Vitamins have been given letter designations in addition to their chemical names. The various "B" vitamins also have number subscripts. These are actually different chemicals and are referred to collectively as the "vitamin B complex". B vitamins occur together in unprocessed foods, such as whole grains. The known vitamins are as follows:
Vitamin A (retinol), found in liver and eggs; a deficiency causes night blindness.
Vitamin B1 (thiamine); a deficiency causes beriberi.
Vitamin B2 (riboflavin); the deficiency is called ariboflavinosis.
Vitamin B3 (niacin); a deficiency causes pellagra.
Vitamin B5 (pantothenic acid). A deficiency is uncommon.
Vitamin B6 (pyridoxine); a deficiency may cause anemia, hypertension, and other symptoms.
Vitamin B7 (biotin); a deficiency in infants can impair development.
Vitamin B9 (folic acid); a deficiency can cause anemia and birth defects.
Vitamin B12 (cobalamins), not found in plants; a deficiency can cause anemia, neuropathy, and other symptoms. This is the only source of cobalt for humans.
Vitamin C (ascorbic acid), found in citrus fruits; a deficiency causes scurvy.
Vitamin D (calciferol), manufactured in the skin by sunlight, and only available in dietary supplements; a deficiency causes rickets.
Vitamin E (tocopherol), found in plant oils; a deficiency causes neurological disorders.
Vitamin K (phylloquinone), found in green leaves, required for bone protein formation.
The missing B subscripts designate compounds once thought to be vitamins but now known not to be.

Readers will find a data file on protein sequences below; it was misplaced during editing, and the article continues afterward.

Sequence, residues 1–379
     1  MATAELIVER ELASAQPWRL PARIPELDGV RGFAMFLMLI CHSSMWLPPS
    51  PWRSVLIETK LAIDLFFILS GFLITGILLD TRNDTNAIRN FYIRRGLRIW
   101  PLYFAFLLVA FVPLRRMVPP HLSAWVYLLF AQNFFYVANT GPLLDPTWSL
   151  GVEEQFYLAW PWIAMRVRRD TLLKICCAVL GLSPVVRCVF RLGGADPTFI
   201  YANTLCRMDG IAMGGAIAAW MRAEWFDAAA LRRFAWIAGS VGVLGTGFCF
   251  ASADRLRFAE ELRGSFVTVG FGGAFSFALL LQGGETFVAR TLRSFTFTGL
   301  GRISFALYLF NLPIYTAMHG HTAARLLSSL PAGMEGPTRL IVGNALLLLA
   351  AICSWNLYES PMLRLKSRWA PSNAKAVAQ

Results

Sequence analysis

Vitamins are in some cases added to ("fortified") foods; for example, niacin may be added back to white rice, and vitamin D is often added to milk. Vitamins are also available in pill form.
by Jonathan Buhalis
Elements and simple substances used in medicine fall into a few categories.
Disinfectants are applied in and around wounds to kill bacteria and prevent infection. These are generally substances that are minorly toxic. Tincture of iodine is used this way. Alcohols are popular and cheap disinfectants, especially isopropyl alcohol (C3H7OH). In fact, although hand disinfecting stations have sprung up in public places around the developed world, only those that use alcohol have been shown to be effective.
Sedatives and anesthetics numb pain, induce sleep, or make a patient unconscious. Bromine was historically a sedative, but has fallen out of favor because of toxicity concerns. Ether gas (diethyl ether) was probably the first general anesthetic, but is now completely abandoned in favor of sophisticated chemical mixtures. Nitrous oxide (N2O, "laughing gas") has been used as a painkiller and weak anesthetic for over 150 years.
Oxygen is used in medicine. Obviously required for respiration, it is delivered in pure or nearly pure form to patients with breathing problems.
Activated charcoal is a very porous form of coal that is ingested as a treatment for poisoning. It has strong adsorption properties, but is not to be used on substances that react chemically with carbon.
Surgical instruments, implants, and dental fillings are made from inert metals such as tantalum and platinum.